In August 1992, Thunder appeared at the 13th annual Monsters of Rock at Castle Donnington. On the eve of the Festival they were interviewed by DJ Tommy Vance for The Friday Rock Show on BBC Radio One, where they played a short acoustic set live. Asked about the inspiration for the song, writer Luke Morley said it was based on personal experience; in particular a visit to New York where he had seen people living rough on the streets, sights you didn't see in Catford (South London) adding "unfortunately now you do." As they began playing, he, or one of the band, said "hope you're listening John Major;" this was a dig at the then Prime Minister. John Major replaced Margaret Thatcher in November 1990, after she was forced to resign by a Cabinet rebellion.
Although widely regarded as a champion of the free market, Thatcher's financial reforms had caused great hardship to the people at the bottom of the social ladder, especially the young; Major inherited this economic turmoil. As the 1990s approached, people all over Britain and especially the capital began to witness sights that hadn't been seen here since the turn of the Century, large numbers of vulnerable young people begging and even sleeping on the streets. Luke Morley was born in Camberwell, a short bus ride from Catford, in the deprived London Borough of Lewisham, and was obviously speaking from the heart.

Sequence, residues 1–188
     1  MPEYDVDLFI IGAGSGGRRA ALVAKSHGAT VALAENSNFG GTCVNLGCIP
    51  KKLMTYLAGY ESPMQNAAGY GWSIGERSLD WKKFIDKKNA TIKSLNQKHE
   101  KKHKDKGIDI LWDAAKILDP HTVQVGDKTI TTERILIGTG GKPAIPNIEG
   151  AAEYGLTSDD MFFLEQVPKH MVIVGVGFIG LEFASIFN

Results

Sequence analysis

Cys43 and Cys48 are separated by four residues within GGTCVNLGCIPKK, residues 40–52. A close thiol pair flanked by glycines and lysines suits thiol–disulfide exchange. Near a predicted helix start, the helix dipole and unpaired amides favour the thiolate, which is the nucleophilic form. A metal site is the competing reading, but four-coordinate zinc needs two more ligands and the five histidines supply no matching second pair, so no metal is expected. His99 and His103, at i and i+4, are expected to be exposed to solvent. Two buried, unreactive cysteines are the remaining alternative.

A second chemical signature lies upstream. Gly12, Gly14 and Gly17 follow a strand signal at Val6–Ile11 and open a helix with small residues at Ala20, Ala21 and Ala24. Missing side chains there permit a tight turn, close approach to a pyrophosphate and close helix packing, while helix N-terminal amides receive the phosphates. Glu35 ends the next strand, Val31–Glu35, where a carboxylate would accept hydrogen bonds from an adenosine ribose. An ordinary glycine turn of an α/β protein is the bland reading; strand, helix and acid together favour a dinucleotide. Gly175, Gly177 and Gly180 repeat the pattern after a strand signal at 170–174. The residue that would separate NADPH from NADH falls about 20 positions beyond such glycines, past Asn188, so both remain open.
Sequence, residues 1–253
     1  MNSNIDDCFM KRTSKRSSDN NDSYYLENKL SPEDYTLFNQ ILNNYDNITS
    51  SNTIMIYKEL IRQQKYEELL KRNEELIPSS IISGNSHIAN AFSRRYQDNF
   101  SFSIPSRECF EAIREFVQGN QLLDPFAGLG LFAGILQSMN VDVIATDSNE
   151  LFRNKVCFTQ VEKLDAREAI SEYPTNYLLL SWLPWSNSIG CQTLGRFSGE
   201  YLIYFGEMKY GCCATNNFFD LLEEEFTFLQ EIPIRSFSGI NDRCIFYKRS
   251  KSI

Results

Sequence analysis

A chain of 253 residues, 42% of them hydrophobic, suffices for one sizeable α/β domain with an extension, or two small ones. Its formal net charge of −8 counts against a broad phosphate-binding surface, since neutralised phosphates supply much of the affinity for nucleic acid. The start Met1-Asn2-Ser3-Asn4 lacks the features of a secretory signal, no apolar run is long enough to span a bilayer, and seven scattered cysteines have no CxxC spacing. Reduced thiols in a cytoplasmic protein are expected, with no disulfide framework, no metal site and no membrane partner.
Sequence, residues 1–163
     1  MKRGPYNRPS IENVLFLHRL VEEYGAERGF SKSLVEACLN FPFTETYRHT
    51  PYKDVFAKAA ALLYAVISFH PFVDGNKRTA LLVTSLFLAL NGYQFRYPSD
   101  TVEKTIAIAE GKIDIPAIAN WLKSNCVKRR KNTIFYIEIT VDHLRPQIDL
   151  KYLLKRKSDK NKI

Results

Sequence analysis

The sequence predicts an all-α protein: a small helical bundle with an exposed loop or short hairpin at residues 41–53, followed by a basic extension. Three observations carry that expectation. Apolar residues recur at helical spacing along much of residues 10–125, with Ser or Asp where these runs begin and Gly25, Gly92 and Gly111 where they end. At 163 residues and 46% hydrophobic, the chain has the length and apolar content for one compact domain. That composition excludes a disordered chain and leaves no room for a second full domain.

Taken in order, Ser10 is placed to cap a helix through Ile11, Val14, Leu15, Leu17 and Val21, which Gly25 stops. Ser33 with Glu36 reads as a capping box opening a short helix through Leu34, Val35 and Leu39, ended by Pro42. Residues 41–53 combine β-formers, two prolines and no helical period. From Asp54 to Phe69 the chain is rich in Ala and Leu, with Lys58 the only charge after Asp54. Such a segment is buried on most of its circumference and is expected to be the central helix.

"Low Life In High Places" was the band's 7th single, and the first from the album. It was released in various formats including a 4 track CD single - with "Back Street Symphony," "She's So Fine" and "Love Walked In" - and as both a 7 inch and 12 inch single.
Suggestion credit: Alexander Baron - London, England, for all above